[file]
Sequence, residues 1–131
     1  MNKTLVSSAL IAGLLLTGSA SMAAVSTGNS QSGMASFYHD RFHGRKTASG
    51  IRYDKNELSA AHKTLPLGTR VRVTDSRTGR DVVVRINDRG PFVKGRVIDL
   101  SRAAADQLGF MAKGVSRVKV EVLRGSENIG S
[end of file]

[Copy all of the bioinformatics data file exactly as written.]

Sequence, residues 1–131
     1  MNKTLVSSAL IAGLLLTGSA SMAAVSTGNS QSGMASFYHD RFHGRKTASG
    51  IRYDKNELSA AHKTLPLGTR VRVTDSRTGR DVVVRINDRG PFVKGRVIDL
   101  SRAAADQLGF MAKGVSRVKV EVLRGSENIG S